To understand the role that anti-Semitism and anti-Arab prejudice play in the Israeli-Palestinian conflict.
In this assignment, students are asked to visit two web sites -- one pro-Palestinian and one pro-Israeli -- and write a report on the role of prejudice in the Israeli-Palestinian conflict. There are three parts to the assignment:
- Ask students to spend at least 30 minutes visiting the Palestinian Centre for Human Rights (PCHR) web site, adopting the perspective of a Palestinian concerned that Israel is violating human rights.
- Ask students to spend at least 30 minutes reading through the Middle East Media Research Institute (MEMRI) archives, adopting the perspective of an Israeli concerned about Palestinian terrorism.
- Using information found on these web sites, write a 3-5 page paper answering the following questions:
- What did you learn from these web sites? Any surprises?
- What are the main ways that prejudice affects this conflict?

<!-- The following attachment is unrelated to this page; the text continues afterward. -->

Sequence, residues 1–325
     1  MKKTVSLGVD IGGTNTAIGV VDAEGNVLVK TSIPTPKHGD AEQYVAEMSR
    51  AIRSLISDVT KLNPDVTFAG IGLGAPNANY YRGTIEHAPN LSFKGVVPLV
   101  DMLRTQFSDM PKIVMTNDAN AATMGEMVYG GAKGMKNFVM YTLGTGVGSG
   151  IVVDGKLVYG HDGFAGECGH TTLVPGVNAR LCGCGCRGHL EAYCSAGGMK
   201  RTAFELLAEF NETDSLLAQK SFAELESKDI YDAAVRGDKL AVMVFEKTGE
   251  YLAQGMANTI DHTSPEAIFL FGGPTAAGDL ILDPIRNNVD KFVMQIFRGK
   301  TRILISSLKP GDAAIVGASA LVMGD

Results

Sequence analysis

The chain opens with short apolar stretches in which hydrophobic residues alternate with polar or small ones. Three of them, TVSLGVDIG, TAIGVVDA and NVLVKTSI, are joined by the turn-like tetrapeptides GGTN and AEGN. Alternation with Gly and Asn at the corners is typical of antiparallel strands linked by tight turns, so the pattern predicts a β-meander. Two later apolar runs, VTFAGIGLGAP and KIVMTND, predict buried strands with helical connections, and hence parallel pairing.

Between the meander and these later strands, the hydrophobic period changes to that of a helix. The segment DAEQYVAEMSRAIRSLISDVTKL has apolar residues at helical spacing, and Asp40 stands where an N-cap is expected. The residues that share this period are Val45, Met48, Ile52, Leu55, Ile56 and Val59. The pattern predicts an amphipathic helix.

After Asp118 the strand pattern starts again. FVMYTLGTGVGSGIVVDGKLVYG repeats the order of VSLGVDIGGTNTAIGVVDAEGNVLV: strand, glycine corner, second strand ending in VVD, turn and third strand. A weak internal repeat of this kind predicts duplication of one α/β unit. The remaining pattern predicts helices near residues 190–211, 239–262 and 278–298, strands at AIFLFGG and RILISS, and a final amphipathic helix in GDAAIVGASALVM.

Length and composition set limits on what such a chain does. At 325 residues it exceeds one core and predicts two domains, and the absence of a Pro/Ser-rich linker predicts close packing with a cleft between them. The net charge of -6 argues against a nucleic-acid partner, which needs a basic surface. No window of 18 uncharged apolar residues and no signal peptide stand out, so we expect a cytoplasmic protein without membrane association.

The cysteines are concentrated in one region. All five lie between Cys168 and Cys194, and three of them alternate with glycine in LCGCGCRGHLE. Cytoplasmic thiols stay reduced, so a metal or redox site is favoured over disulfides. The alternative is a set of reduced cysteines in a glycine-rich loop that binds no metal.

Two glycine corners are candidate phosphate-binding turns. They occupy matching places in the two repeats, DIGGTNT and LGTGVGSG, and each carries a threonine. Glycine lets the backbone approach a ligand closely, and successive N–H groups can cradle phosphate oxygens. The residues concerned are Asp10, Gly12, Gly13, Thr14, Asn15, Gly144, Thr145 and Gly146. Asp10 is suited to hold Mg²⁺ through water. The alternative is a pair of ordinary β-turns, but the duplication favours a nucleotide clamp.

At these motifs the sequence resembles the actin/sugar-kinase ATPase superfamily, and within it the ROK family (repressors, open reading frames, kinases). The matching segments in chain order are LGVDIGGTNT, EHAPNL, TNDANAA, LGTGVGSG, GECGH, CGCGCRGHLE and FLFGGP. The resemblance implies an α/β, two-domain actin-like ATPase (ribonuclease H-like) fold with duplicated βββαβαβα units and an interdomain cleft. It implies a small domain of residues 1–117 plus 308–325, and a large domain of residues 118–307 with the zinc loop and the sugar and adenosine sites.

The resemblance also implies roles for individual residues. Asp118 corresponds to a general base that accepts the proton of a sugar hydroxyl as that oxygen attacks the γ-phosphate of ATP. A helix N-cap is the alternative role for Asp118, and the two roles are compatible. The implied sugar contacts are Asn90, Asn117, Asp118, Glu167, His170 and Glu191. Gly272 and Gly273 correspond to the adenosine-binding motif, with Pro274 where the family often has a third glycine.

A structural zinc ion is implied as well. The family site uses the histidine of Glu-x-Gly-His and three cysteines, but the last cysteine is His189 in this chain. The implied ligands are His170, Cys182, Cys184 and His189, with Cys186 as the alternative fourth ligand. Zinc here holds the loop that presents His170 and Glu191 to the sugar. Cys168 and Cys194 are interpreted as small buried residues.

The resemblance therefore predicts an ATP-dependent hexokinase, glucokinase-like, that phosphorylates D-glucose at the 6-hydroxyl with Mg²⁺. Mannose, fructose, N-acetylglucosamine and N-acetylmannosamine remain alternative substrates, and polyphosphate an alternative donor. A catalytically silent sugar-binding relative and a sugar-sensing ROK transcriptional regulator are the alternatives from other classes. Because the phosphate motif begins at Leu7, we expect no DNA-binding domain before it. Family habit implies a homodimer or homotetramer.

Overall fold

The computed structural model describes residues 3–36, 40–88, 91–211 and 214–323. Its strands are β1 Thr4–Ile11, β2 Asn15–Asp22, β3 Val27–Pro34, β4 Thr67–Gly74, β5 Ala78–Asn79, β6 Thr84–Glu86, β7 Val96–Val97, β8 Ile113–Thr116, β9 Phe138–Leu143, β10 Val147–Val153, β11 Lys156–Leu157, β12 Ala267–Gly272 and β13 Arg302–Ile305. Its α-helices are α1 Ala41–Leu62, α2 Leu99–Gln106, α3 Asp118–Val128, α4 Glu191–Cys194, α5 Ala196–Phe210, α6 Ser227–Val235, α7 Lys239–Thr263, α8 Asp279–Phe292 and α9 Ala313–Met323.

- Is the Israeli-Palestinian conflict unusual in the degree to which prejudice is involved, or is it typical of international conflicts?
- In your view, what practical steps can be taken to reduce prejudice in the Middle East?
- What steps, if any, can be taken by people living outside the Middle East?
- What lessons from the Middle East can be applied to other conflicts?
Instead of requiring a paper, instructors may simply ask students to visit the PCHR and MEMRI web sites and be prepared to answer the questions above in class.
One other variation is to ask students to visit the 30-minute slide show of a third site, the Stanford Prison Experiment, and apply the lessons of this classic study to the Israeli-Palestinian conflict. Chief among these lessons are: (1) the power of the situation and roles, and (2) the ease with which dehumanization and deinviduation can be triggered.
Section VI of Understanding Prejudice and Discrimination ends with a page of quotes from the MEMRI web site. These quotes can be used to introduce the topic of prejudice in the Middle East.
Students using this book can also be asked to describe how psychological factors from the introductory overview contribute to prejudice and conflict in the Middle East. Some relevant factors include categorical thinking, ingroup bias, outgroup homogeneity biases, the fundamental attriubution error, the ultimate attribution error, illusory correlation, and self-perpetuating stereotypes.